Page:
ShopZetu raises pre-seed funding to grow the fashion marketplace beyond Kenya


Image Credits: ShopZetu

Kenyan fashion e-commerce startup ShopZetu is set to add beauty and home decor categories to its portfolio to respond to the needs of young, style-conscious women in Africa. This will more than triple the number of vendors on the platform to 1,000 as it scales regionally, currently working to attract international fashion brands over the next few months.

Beyond Kenya, where the startup launched in 2021, it plans to pilot regional delivery services in Rwanda, Tanzania and Uganda with $1 million in pre-seed funding.

The goal is for ShopZetu to become the leading lifestyle platform. We are looking to expand our signature beauty, skincare, hair and home decor offerings. We want to be a one-stop shop,” says Supzetu CEO Marvin Kiragu, who co-founded the popular Kenyan fashion brand Vivo with Wandia Jichuru.

The pre-seed round was led by Chui Ventures with participation from Latch Africa, Roselake Ventures and Logos Ventures. Angel investors participating in the round include Kendall Tang, CEO of RT Knits; Ben Munoz, co-founder and CEO of Nadine West; Sumit Bhasin of Estee Lauder Inc; Patricia Itau, CEO of WPP Scangroup and Peter Njonjo, Founder and CEO of Twiga Foods.

Kiragu told TechCrunch that ShopZetu was born out of the need for a multi-brand marketplace to connect the highly fragmented industry with “hundreds of thousands of sellers” both offline and online, including on Instagram, Facebook and WhatsApp. This, he said, makes the purchasing process difficult, price visibility, and customer confidence in jeopardy.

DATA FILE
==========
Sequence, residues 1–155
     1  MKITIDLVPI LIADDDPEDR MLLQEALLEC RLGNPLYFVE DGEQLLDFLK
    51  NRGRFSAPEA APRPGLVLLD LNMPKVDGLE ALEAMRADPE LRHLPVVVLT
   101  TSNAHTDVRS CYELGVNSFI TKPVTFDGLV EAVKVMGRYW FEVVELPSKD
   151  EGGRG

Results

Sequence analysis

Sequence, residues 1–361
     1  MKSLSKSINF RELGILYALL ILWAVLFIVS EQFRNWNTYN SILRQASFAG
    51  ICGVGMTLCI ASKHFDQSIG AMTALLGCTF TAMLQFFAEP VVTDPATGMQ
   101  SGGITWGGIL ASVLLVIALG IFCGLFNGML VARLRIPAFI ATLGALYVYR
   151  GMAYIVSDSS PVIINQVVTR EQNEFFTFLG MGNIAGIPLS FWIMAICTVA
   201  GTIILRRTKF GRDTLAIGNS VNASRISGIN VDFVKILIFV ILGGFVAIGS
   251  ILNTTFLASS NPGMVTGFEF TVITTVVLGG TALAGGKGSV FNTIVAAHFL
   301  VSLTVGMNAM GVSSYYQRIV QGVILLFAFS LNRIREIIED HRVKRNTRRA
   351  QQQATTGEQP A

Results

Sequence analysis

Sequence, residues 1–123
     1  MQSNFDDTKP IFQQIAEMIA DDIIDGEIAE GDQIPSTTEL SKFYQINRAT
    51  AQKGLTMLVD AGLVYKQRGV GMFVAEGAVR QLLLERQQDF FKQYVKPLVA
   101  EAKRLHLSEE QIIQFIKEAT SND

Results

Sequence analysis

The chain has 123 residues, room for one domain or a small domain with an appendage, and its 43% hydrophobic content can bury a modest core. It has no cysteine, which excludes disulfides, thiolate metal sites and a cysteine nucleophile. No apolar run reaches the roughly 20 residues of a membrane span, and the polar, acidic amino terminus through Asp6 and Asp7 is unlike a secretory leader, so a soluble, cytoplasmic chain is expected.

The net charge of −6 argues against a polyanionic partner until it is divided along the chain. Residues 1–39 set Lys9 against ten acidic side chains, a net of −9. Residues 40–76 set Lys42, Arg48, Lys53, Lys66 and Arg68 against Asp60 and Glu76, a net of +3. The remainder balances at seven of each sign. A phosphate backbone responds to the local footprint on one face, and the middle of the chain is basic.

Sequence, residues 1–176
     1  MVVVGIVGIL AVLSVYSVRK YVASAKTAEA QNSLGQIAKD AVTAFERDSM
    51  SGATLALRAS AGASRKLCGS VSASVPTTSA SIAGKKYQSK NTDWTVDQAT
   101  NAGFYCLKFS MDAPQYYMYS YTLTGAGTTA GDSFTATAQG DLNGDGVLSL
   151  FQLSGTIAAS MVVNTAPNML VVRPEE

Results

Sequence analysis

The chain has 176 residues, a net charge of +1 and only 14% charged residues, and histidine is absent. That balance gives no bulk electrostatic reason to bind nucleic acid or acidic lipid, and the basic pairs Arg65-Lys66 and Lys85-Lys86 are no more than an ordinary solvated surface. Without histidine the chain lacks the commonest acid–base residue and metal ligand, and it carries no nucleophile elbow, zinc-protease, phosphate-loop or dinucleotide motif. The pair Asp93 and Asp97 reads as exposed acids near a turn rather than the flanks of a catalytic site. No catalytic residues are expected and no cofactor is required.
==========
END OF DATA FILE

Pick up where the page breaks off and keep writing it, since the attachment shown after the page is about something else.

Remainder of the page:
He added that the infinite number of stock holding units makes it impossible for a player to keep the difference in one physical location.

“ShopZetu seeks to solve this problem by bringing together existing fashion and lifestyle products under one roof,” he said.

Shopzetu’s more than 300 sellers, mainly from large and small local manufacturers and importers of fashion products, currently list more than 20,000 products on Shopzetu’s marketplace. Vendor onboarding is free, but they pay a commission for sales generated on the platform and for other additional services, including delivery.

“We also offer a range of services to suppliers such as content, digital marketing, warehousing, last mile delivery and returns management. These services are provided at cost but are largely subsidized to ensure suppliers’ online success,” said Kiragu.

“Our goal is to lower the barriers for anyone to start a fashion brand and use ShopZetu’s reach and resources. We have great case studies of brands that have graduated and launched on ShopZetu and then gone online to scale and set up physical stores,” he said.

Startups require marketplace sellers to be well-stocked, have high-quality products, and have inclusive sizes, among other conditions.

The startup says it has served more than 30,000 customers in the past two years and has sold more than 100,000 products and is seeing a more than 400% increase in monthly orders as of January 2021.

Shop Zetu says he is looking at the growing fashion industry in sub-Saharan Africa. However, start-ups like Shopzetu are finding their growth with affordable new clothing options, and a growing fashion-savvy, tech-savvy African.

“We believe that the market for fashion is huge as clothing is a basic human need. While the largest percentage of this is provided by secondhand clothing, we are seeing a gradual shift to new clothing as more affordable options enter the market,” said Kiragu.

“We believe online fashion retail will leapfrog traditional retail to become the largest e-commerce category in Africa.”


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